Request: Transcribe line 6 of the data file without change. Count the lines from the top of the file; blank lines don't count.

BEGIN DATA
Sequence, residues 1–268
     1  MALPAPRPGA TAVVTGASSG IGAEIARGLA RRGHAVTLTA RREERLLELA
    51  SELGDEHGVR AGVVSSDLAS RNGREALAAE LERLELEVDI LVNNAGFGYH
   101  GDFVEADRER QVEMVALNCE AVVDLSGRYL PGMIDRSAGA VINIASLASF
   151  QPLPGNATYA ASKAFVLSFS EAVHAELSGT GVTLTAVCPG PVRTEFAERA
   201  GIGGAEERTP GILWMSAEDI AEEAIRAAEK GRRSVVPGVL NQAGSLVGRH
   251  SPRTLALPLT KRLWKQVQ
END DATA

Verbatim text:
   201  GIGGAEERTP GILWMSAEDI AEEAIRAAEK GRRSVVPGVL NQAGSLVGRH